Speakers at a seminar on Friday highlighted the role of women in national development and called for urgent action to empower them and monetise their contribution.
The seminar was held under the auspices of the National Commission on Human Rights (NCHR), in collaboration with the Legal Rights Forum (LRF) and Action Aid.
Titled “Mandate of the NCHR and the livelihood rights of women peasants”, it was emphasised at the seminar that when women were financially empowered, social relationships also changed.
Noted journalist Babar Ayaz said most work on the fields was done by women. “Their contribution should be monetised. Advanced technology could help in this regard,” he added.
“We should urge the government to earmark 50 percent of the land in urban areas for women.”
Uroosa Khatti of Action Aid said when women were empower, their social status enhanced. “We need to engage with the Revenue Department in this regard and see to it that allotment of houses and lands to women be closely and regularly monitored by the government,” she added.
She said that her organisation had often met the officials concerned for this purpose but the meetings yielded no results.
Advocate Tahir Iqbal of the Legal Rights Forum said Bhutto’s land reforms were exemplary. However, for various reasons, they could not be implemented. Around 30 percent of the farmers did benefit.
“An iron-jacketed policy for land distribution should be formulated for allotment of land to women peasants,” he suggested. Funds to the tune of Rs80 million have been earmarked for the project.
He said that keeping the policy framed in 1921 in mind, an act should be enacted to provide land to women, also, along with that, ensuring water availability, he said.
Anis Haroon, NCHR Sindh member, explained the organisation’s mandate. She said the NCHR was the outcome of an Act passed in 2012.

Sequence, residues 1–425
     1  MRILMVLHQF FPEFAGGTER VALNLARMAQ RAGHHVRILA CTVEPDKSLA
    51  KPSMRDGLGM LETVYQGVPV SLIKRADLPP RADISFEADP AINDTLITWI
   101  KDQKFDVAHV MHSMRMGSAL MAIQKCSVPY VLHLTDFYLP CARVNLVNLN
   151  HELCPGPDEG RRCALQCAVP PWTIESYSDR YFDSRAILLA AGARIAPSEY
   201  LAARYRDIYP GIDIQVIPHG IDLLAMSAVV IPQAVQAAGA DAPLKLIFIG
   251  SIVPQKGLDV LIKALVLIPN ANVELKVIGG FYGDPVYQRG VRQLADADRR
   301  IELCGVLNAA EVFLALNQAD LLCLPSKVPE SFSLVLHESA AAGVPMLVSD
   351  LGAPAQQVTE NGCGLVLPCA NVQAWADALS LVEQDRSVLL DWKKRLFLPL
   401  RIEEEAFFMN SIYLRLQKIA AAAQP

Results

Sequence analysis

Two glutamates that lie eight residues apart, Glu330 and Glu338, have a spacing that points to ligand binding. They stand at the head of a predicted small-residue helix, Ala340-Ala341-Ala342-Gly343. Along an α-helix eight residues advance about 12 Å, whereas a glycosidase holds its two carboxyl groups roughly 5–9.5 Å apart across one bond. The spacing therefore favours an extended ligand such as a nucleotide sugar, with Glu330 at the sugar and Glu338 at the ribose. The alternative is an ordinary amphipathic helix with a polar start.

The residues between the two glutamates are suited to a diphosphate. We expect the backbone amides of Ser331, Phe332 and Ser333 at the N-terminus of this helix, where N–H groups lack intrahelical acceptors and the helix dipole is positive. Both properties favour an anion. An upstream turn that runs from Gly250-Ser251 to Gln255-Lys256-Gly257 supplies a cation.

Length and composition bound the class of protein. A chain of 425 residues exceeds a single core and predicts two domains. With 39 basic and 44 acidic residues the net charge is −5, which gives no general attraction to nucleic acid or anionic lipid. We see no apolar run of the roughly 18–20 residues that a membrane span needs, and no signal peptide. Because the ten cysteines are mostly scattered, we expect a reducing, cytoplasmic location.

It was constituted as an investigative body in 2014. She said that it had regional offices all over the country, in Lahore, Peshawar, Islamabad. The Balochistan office, she said, had not started functioning as yet. We have been given the wherewithal to deal with all sorts of complaints in the matter of discrimination against peasant women and violation of Human Rights.
“We can take up human rights violations in courts, conduct independent investigations, and draft reports for bodies like the United Nations.”
Tahir Iqbal said there was the law that in order for a peasant woman to get an ownership deed for her land, she had to pay Rs100 annually for a period of 15 years after which she would get the clear ownership title.
Default could deprive her of this privilege and the land would go to the government. This raised lots of eyebrows and was dubbed discriminatory and undemocratic by many participants.
One of the participants regretted that no mechanism had been devised for collection of this Rs100 per month. “What we need is political will to break the stranglehold of the feudals,” she said.
Zehra Khan, the general secretary of the Home-Based Women Workers Federation, said that a union had been created to train women at an organisational level and have their grievances redressed.
The main issue, she said, was convincing the feudals and countering the marketing mafia.
The problem, she said, was lack of adequate water availability.
Speaking as the chief guest, Irum Khalid, the chief minister’s special assistant, took umbrage to the statement of a participant of the effect that political will was lacking and challenged the speaker to explain what the previous governments had done for the welfare of women.
“We have enacted the most pro-women laws, she said. “Roti, Kapra aur Makan is not just a slogan but an earnest endeavour. Don’t just blame the politicians. The bureaucracy and the civil society are as much to blame,” she said.
She said that their government had resettled villages washed out by the massive flood of 2010. “No other government has such an achievement to its credit”, she said.
“It’s not good to just blame politicians. Also appreciate the good that have been done. The government should be given time to set things in order”, she said.
Some female farmers from rural parts of the province were invited to the seminar ti narrate their experiences and problems. One of them, Bhana from Deh Gorabari, narrated how she had benefited from rice cultivation.
Another woman said that she had been deprived of her ownership deed because
she had defaulted on her payment.